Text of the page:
When You Decide You’re Not Worth It
Not spending makes you good with money. It has to. After all, stop spending frivolously is the golden rule. Follow it, and you must be doing things right.
I felt this way for years.
Now I know the truth.
If you refuse to spend money, you’re not actually good with money. You just collect a bunch of it.
It isn’t just about being cheap. Certainly, turning into a cheapskate is a problem, especially if you mess with other people towels.
Restricting spending on myself to the point of deprivation is no different than the calories I cut all through junior high and high school. I have an impressive balance sheet—though I’m no longer scrawling it in the back of a notebook with looping letters and little hearts dotting every i–but the relationship I have with money is off.
Because the people in my life know me well, they do things like send gift cards for highlights and pedicures. They know that without them, I’ll pull on my purse strings long enough to convince myself that 5 inches of outgrowth and clomping around on hooves is actually what I want.
It’s not. Of course it’s not. Just like I don’t believe Scrooge actually liked darkness, it’s something we say to ourselves to justify not knowing how or when to spend on ourselves.
I Got a Pedicure and Everyone Needs to Know
Last October, my husband got me a gift card to my favorite nail salon. He thought that by paying for the services up front, surely I could be convinced to go.
What he didn’t anticipate, though, was that in addition to not spending money on myself, I’ve also decided to invest less time in myself.
That’s a powerful and sad combination.
Through a series of happenstance, I ended up with an extra hour of time last week. I knew the gift card was expiring (it is a piece of paper that is only valid for a year), and I was a ten minute drive from the salon.
So I went.
I stopped to get cash beforehand to tip 20%. I clicked it into my spending tracker. And I checked into the salon.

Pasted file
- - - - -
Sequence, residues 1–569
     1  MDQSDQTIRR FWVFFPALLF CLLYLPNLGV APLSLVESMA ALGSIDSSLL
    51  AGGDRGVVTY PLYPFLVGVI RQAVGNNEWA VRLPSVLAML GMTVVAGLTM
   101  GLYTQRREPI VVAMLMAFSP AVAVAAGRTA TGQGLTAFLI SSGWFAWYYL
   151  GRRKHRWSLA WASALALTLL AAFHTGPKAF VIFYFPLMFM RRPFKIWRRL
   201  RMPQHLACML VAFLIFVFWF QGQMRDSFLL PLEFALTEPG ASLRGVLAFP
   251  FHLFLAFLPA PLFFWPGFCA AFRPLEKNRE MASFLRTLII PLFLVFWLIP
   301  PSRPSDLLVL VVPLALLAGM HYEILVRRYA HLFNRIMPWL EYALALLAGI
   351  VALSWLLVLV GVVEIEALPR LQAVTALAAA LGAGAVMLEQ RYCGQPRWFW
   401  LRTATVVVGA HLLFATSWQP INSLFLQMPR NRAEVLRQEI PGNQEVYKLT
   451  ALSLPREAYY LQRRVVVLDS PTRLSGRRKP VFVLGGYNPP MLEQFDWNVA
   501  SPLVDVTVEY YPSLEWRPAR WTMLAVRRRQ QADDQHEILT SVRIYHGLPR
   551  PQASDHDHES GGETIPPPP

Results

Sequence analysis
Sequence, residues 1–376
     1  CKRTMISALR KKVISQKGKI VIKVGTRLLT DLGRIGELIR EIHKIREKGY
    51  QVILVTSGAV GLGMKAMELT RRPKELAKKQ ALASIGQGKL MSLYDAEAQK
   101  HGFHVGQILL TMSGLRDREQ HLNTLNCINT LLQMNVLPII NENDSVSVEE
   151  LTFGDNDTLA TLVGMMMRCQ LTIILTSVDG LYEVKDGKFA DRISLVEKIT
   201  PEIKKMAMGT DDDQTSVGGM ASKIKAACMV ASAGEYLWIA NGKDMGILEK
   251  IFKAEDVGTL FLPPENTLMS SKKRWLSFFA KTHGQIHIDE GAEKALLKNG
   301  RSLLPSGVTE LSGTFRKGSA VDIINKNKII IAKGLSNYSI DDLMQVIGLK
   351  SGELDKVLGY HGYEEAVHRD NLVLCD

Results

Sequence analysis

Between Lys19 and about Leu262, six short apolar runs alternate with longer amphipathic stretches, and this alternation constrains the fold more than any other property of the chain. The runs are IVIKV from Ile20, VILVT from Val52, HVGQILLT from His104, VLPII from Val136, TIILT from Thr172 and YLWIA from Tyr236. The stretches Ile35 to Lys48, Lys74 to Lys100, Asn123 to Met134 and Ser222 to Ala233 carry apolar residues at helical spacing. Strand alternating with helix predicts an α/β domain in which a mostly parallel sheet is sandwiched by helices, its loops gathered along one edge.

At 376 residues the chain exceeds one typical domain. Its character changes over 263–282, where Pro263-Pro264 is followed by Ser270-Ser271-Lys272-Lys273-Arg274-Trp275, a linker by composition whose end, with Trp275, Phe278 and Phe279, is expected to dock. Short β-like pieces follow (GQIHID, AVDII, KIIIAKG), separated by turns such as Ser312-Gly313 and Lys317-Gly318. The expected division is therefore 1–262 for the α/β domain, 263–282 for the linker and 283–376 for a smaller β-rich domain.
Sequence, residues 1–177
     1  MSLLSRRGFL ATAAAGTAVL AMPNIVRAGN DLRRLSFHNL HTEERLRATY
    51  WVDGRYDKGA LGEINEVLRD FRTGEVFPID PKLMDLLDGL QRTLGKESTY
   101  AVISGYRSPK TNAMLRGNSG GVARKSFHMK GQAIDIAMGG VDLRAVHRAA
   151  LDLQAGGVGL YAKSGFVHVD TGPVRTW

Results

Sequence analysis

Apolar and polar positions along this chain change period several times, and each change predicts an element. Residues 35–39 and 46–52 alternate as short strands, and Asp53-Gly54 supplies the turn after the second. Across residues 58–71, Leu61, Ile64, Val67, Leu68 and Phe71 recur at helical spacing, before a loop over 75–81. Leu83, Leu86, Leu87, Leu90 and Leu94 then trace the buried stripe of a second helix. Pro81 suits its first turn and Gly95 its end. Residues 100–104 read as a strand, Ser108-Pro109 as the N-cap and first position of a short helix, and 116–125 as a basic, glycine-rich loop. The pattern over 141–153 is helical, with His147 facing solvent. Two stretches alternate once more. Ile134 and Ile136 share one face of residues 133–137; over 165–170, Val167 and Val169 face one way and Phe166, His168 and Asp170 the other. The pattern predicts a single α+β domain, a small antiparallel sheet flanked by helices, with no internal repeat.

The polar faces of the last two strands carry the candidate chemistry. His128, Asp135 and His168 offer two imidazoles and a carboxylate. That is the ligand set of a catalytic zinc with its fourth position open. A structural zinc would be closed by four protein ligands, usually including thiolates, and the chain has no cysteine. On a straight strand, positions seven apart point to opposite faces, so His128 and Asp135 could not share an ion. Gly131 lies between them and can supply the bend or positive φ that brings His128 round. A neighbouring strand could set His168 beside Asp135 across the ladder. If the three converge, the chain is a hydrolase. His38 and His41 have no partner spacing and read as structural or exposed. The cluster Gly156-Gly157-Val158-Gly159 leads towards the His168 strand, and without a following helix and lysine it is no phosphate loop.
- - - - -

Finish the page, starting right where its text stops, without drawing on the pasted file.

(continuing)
I didn’t blog, I didn’t freelance, and I didn’t grade quizzes (I tried, but I forgot them on the kitchen table).
I didn’t do anything besides sit in the massage chair, soak my feet in the warm water, and smile at the small talk. I simply got a pedicure.
Afterwards, I went back to work with a sense of relief. I didn’t let the gift card go to waste, and nothing bad happened when I spent a little money and a little time on myself.
The Guilt I Do Feel
I don’t want to give the impression that I now know how to spend freely and confidently on myself, the things I value, and what I enjoy. I don’t, but I like to think I took the first toe-polished step of learning how to do that.
I expected that spending to unlock a sense of guilt. It did, in a way, but not at all how I imagined it would. In fact, the only guilt I really feel is guilt for how poorly I’ve been treating myself. In the name of saving, in the name of personal finance, I’ve been depriving myself not out of necessity but out of a sense of not deserving it.
My savings, my investments, and my financial goals all deserved my money and my time. But I did not.
In an attempt to right a wrong, I overcorrected. Not spending isn’t the same as learning to save.
If personal finance feels like punishment, you’re doing it wrong. And now you don’t have to ask me how I know.